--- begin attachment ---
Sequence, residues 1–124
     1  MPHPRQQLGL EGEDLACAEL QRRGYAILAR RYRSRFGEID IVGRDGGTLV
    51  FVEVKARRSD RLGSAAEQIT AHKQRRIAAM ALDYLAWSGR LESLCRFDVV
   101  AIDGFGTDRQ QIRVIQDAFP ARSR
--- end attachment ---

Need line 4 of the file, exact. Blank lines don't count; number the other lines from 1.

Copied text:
   101  AIDGFGTDRQ QIRVIQDAFP ARSR